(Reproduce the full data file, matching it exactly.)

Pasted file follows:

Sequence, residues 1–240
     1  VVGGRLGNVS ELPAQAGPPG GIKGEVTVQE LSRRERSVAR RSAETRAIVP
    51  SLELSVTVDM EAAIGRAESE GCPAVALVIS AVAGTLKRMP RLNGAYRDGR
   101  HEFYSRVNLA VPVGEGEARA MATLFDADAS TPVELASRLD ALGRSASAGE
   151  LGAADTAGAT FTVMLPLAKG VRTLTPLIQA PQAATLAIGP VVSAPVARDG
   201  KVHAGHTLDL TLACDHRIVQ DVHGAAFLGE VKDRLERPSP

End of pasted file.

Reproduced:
Sequence, residues 1–240
     1  VVGGRLGNVS ELPAQAGPPG GIKGEVTVQE LSRRERSVAR RSAETRAIVP
    51  SLELSVTVDM EAAIGRAESE GCPAVALVIS AVAGTLKRMP RLNGAYRDGR
   101  HEFYSRVNLA VPVGEGEARA MATLFDADAS TPVELASRLD ALGRSASAGE
   151  LGAADTAGAT FTVMLPLAKG VRTLTPLIQA PQAATLAIGP VVSAPVARDG
   201  KVHAGHTLDL TLACDHRIVQ DVHGAAFLGE VKDRLERPSP